Tuesday, March 26, 2013

In the slow lane

I'm not talking about my driving even though I am the type of driver who generally uses the slow lane, I'm talking about how I am feeling generally. I am a blood donor and on my most recent visit, I was unable to donate due to low iron levels which would go someway to explaining my lack of energy of late. The low iron levels also meant a trip to the doctor, my first since Hope was born 11 years ago (I really am quite healthy) and no surprise, more blood tests done. Now it is just a waiting game and I am due back to discuss the results next Wednesday though I have been assured that it isn't too urgent. Which isn't reassuring at all. In the mean time, I am doing what I do, slower and with a lot less enthusiasm.
Today I made Rosella Jam. Making jam is very much a slow food process especially if you grow the fruit first. On this occasion, I did not grow the fruit. I got to chatting with someone from Grafton about their rosella flowers (my plants didn't enjoy the conditons here this summer) and next thing, I am in possession of a rather large bag of rosella. I don't need any for tea right now and these were luscious and just perfect for jam making. The eight finger limes I walked away with too were even more of a highlight.
Most of the jams I make are simple fruit jams that don't require too much more than the fruit and some sugar. Rosella jam does take a bit longer than say blackberry jam but it does have a slight tartness to it that is pleasant and is definitely worth the effort. It is also a jam that you won't find everywhere perhaps only at market stalls or in more gourmet stores. I'm fairly sure it isn't available on your regular supermarket shelf.

Rosella Jam
To make the jam, the first step is to wash the fruit in cold water.
Then separate the calyx and the seed pod.

The red fleshy part of the fruit is the calyx and can be peeled away from the green seed pods. The seed pods go into a saucepan and are covered with water and simmered for about 10-15 minutes until translucent and soft. This releases some pectin to help set the actual jam.
The strained liquid from the seed pods is pored into a saucepan with the calyces and simmered until they are very soft. Measure the pulp and add sugar on a 1:1 ratio. That is 1 cup of sugar for every cup of pulp.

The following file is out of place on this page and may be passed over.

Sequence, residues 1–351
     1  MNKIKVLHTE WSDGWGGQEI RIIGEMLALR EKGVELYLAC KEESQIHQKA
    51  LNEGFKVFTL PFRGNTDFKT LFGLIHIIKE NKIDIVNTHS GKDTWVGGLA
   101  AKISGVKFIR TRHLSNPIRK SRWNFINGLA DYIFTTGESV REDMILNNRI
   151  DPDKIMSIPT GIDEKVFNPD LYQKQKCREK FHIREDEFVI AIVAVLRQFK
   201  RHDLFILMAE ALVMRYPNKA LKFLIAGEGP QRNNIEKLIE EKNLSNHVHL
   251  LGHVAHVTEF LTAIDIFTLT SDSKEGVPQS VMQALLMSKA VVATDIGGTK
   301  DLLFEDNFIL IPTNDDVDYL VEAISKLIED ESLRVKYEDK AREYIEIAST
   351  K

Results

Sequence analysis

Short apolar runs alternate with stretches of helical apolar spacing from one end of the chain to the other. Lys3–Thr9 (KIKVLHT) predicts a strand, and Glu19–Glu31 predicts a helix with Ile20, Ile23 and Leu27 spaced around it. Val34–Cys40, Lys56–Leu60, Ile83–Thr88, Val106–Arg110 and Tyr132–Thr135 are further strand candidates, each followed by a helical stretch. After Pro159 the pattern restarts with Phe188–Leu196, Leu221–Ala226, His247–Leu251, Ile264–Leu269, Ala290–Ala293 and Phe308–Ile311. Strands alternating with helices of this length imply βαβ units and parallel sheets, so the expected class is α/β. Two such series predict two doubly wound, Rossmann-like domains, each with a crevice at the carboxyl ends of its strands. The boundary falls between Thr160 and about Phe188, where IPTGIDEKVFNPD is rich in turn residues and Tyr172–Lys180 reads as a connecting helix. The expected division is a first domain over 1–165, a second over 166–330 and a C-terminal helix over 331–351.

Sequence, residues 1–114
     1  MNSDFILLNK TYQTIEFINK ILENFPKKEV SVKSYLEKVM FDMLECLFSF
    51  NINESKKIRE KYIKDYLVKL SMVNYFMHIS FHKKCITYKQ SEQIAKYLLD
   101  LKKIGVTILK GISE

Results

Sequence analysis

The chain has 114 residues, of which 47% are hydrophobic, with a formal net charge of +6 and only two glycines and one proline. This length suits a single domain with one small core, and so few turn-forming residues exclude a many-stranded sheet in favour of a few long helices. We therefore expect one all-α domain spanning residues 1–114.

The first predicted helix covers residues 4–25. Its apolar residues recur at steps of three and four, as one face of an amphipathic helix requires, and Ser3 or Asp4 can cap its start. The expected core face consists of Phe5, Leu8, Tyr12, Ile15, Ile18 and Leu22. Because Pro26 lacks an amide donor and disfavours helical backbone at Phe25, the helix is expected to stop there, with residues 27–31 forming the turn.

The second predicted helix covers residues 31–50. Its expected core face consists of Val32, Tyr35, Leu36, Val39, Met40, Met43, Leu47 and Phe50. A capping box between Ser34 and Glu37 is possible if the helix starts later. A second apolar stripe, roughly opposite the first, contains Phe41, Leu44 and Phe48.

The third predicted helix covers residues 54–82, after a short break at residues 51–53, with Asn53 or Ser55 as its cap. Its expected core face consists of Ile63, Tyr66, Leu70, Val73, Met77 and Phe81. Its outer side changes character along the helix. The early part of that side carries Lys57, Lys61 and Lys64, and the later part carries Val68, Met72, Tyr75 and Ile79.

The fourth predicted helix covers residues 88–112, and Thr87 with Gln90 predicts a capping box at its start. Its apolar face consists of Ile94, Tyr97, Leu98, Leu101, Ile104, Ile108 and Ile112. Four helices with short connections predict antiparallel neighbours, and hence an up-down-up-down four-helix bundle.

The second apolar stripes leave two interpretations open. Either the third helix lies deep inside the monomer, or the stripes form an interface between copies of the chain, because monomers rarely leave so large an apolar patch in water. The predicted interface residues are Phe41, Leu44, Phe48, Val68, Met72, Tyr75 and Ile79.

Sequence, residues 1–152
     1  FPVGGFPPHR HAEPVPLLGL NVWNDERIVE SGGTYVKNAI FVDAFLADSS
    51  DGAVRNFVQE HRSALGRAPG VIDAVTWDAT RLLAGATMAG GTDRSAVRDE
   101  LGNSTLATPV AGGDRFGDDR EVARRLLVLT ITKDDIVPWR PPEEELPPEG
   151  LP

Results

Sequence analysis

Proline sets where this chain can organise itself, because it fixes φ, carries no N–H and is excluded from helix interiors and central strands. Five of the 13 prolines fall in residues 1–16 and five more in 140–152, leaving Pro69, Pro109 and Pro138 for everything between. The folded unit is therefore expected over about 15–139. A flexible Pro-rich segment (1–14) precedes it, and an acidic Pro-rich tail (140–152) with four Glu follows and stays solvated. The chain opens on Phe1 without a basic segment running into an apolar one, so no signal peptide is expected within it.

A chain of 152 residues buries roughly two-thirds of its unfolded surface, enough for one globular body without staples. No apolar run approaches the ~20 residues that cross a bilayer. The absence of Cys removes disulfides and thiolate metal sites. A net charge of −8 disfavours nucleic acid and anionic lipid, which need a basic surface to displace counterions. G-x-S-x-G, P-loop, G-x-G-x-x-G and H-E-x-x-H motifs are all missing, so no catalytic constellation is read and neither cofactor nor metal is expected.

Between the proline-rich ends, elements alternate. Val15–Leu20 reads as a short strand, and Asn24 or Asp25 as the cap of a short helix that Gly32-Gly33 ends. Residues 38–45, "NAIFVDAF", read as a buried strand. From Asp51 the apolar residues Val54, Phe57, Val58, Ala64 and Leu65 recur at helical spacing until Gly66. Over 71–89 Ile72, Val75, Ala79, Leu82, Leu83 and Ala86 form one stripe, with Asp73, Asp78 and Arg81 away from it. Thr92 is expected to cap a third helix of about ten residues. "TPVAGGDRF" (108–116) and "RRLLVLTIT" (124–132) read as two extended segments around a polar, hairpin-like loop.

Stir the sugar pulp mixture over a low heat until the sugar dissolves and then bring to the boil. Allow to boil until the mixture reaches setting point.
To test for setting point, chill a saucer in the freezer and then when the jam has been boiling for about 10 minutes, place a teaspoon of the jam on the saucer. After it cools, push your finger through the jam and if it makes a clean line throught the jam, it is most likely set. (Although what is happening is very much a result of science and chemical reactions, home jam making is definitely no science and there isn't any guarantee that what happens in one kitchen will work in another).
Once the jam has reached setting point, bottle it into hot sterilised jars and seal.
Make some scones, whip some cream and enjoy.
Creamed honey is next on my slow food to do list.


Cross Stitch Crazy Mum said...

That's some gorgeous jam :) My inlaws love growing and making jam out of thentoo. They are so easy to grow

Kimmie said...

Rosella Jam is lick ya lips delish.
Yours looks great!

11 years? Women's wellness checks?

Have my fingers crossed for a good result for you.

Much love.


Vickie said...

Oh no hugs to you wow 11 years and no needing a Dr you are my hero...I so wish..anyways I do pray that the results come back ok..please take care of you..yum yum to the Jam ..oh I so remember years ago going to country markets and hunting out the home made jams and pickles..So did you make soem scones and enjoy???cheeers Vickie

Liz Beavis said...

Looks yum! Hope you feel better soon... I'm still waiting for my rosellas to flower, I might miss out too :(

Cathy H said...

Hi Tracy....your jam looks delicious......always wondered how Rosella jam was made......looking forward to reading about creamed honey.......

Lisa said...

Well Tracy, I hope you're well and nothing's amiss.

I was ready to write you a letter today - I wasn't able to view your AWOL post - blogger told me I needed an invitation. I waited a few days to see if you'd mistakenly done it. Today I was determined to write - I think I'll do it anyway! Expect a letter from me! :)

Jeanette said...

I do hope you are ok. Love Rosella jam(i don't think it would taste nice shop bought even if you could get it) & creamed honey. I tried to go on your blog to get your email as i'd accidently deleted the email i had from you so i could let you know that the pumpkin seeds & beeswax arrived & to say thankyou But when i tried it told me i didn't have permission. Glad to see this post so i could say Thankyou. Hugs,xx.

africanaussie said...

I am glad that you fixed up the permission thing on your blog too! Sorry you are feeling tired and slow. Hope the bloodwork results are able to get you right again. My rosellas have not flowered this year either - I wonder what it is.

trishie said...

That's some beautiful jam. I had to google rosella to find out what it is!

Becky said...

Looks and sounds delicious!

Paola said...

Hi Tracy - hope you are doing well, and that the news from the medicos is ok.

Fiona said...

great to read you again... and I hope your health gets up again soon... it does help to know why you have been feeling poorly.... I love rosella jam and made it for the first time last year... such an unusual fruit/flower...

Joyfulhomemaker said...

I love autumn its my favourite time of the year